Te Papa announced today that its ground-breaking exhibition Gallipoli: The scale of our war will remain at the museum for at least three more years, and will not close before Anzac Day, 25 April, 2022.
Originally scheduled to close in 2019, the free exhibition is still proving a huge drawcard for visitors, with more than
2.5 million people having seen it to date.
The exhibition, created by Te Papa working closely with Weta Workshop, is the most-visited exhibition in New Zealand’s
history, and has set a global benchmark for immersive museum experiences.
Te Papa Board Chair Evan Williams said the extension would give as many New Zealanders as possible a chance to
experience it for themselves.
“From when it first opened we have seen the exhibition have a profound effect on New Zealanders. It fosters empathy,
inspires reflection, and is the starting point for powerful conversations.”
Mr Williams said the decision to extend the exhibition had been made earlier this year, as a result of ongoing demand
from the public.
“We made the decision to extend Gallipoli before the attacks in Christchurch, but in the wake of those acts of terrorism, its focus on the human cost of violence
is more relevant than ever.”
“This is the kind of storytelling that connects us to our history, and to each other, and helps us recognise our shared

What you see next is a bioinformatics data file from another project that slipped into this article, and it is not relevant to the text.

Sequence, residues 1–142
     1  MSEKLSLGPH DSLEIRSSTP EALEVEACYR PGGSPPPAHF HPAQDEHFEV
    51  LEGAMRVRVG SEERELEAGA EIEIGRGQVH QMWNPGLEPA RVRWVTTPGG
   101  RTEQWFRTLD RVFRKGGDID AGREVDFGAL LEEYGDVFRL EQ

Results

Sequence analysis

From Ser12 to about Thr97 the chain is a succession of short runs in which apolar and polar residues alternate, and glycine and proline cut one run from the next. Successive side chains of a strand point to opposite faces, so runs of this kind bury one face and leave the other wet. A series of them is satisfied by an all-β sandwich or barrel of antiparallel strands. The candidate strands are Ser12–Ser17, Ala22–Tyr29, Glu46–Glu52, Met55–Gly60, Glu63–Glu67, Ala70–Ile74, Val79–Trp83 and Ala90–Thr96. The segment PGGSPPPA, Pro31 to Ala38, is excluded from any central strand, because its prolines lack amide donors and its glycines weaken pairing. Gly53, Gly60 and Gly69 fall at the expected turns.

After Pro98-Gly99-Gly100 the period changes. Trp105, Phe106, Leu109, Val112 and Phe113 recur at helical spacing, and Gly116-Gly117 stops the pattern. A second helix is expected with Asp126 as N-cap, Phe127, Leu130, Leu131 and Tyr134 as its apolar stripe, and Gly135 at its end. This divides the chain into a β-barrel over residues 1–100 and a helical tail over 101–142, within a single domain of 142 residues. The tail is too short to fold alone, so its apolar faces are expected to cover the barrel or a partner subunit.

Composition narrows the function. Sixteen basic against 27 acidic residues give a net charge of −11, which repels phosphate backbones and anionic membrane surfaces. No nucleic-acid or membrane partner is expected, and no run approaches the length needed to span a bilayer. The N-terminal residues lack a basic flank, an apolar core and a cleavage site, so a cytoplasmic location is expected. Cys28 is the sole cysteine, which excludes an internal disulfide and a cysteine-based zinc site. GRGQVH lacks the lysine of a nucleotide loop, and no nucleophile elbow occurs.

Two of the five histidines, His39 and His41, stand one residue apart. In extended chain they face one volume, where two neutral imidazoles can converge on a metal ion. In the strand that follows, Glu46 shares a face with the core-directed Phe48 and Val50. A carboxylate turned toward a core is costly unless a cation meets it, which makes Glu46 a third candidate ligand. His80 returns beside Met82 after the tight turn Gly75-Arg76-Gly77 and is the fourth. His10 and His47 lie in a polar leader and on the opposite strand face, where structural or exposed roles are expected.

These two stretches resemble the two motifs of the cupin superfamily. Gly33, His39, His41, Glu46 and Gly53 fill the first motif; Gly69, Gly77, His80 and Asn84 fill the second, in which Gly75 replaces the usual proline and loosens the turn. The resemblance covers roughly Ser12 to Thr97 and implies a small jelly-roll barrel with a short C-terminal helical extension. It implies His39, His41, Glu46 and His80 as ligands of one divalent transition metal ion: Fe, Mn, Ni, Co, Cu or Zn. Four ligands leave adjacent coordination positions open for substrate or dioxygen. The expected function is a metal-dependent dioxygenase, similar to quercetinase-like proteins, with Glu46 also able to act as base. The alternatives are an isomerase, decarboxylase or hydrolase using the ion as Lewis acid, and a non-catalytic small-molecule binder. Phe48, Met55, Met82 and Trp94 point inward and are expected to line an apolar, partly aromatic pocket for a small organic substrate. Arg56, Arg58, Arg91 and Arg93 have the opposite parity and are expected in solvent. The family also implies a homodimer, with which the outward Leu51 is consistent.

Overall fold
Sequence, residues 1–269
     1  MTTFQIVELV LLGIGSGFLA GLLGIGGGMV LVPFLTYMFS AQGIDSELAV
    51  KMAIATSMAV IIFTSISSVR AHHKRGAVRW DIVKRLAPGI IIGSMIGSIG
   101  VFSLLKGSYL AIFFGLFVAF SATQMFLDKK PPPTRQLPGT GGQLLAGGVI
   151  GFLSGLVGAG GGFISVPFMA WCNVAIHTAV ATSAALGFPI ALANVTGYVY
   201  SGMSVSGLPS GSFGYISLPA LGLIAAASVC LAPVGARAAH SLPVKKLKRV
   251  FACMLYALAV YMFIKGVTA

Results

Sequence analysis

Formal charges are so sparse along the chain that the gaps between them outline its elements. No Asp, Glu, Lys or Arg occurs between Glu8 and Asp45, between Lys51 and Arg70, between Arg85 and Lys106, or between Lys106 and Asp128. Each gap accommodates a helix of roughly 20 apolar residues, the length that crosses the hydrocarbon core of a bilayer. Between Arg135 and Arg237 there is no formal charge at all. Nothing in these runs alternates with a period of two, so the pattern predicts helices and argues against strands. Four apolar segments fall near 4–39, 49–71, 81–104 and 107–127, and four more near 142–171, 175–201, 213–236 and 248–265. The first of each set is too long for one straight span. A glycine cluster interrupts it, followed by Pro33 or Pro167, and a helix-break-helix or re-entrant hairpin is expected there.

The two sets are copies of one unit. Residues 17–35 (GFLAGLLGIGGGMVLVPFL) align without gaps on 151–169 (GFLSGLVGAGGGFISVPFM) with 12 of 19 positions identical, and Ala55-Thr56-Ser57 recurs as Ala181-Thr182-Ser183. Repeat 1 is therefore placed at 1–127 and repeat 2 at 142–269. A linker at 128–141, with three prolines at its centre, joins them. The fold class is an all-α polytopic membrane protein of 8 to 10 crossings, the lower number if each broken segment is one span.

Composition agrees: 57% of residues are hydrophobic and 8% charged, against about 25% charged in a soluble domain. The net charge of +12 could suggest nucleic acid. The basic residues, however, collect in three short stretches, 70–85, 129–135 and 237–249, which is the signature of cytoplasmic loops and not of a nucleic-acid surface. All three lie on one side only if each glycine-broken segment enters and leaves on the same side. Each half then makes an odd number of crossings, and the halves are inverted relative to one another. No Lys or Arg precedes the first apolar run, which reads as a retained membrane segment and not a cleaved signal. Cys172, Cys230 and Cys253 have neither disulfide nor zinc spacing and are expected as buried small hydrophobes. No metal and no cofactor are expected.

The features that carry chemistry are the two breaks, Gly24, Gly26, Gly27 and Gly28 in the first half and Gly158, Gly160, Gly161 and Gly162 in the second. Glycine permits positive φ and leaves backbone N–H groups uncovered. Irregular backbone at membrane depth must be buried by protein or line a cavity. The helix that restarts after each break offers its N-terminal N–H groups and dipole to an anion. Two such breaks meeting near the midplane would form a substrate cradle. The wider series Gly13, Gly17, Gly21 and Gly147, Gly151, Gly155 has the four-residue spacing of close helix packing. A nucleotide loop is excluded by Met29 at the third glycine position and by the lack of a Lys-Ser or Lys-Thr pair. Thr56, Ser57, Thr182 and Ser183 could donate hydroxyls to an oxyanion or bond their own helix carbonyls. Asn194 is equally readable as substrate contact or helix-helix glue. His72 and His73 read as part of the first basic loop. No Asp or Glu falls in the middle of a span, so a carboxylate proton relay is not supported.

humanity over the span of different times, and different cultures,” Mr Williams says.
Turkish Ambassador to New Zealand His Excellency Mr Ahmet Ergin said the exhibition had provided an opportunity to
recognise the close ties that had grown between the countries since the tragedy of Gallipoli.
“As the proud hosts of Anzac Day services every year we are delighted to hear that this masterfully curated exhibition
has been extended for more people to reflect upon our shared sacrifice and most treasured relationship,” says Mr Ergin.
“We share a unique bond of friendship built in the wake of a tragic conflict. Gallipoli marks the turning point in our
history as we rebuilt our national identity out of the embers of that war. It is incumbent on us all to cherish the
memories of our grandfathers who made the ultimate sacrifice, and of their loved ones left behind.”
Weta Workshop creative director Sir Richard Taylor was one of the driving forces behind the exhibition.
“Working on this exhibition has been a profoundly personal journey for me, and for the Weta Workshop team.”
“We wanted to go beyond the sheer scale of the numbers and statistics, and tell very personal stories, to really connect
visitors to the human experience.”
“The comments we receive every day from visitors tell us that the exhibition is achieving that more powerfully than we
could have hoped for.”
“Many visitors express gratitude and connection with the individuals whose stories we tell, and many respond with
explicitly anti-war sentiments,” says Richard Taylor.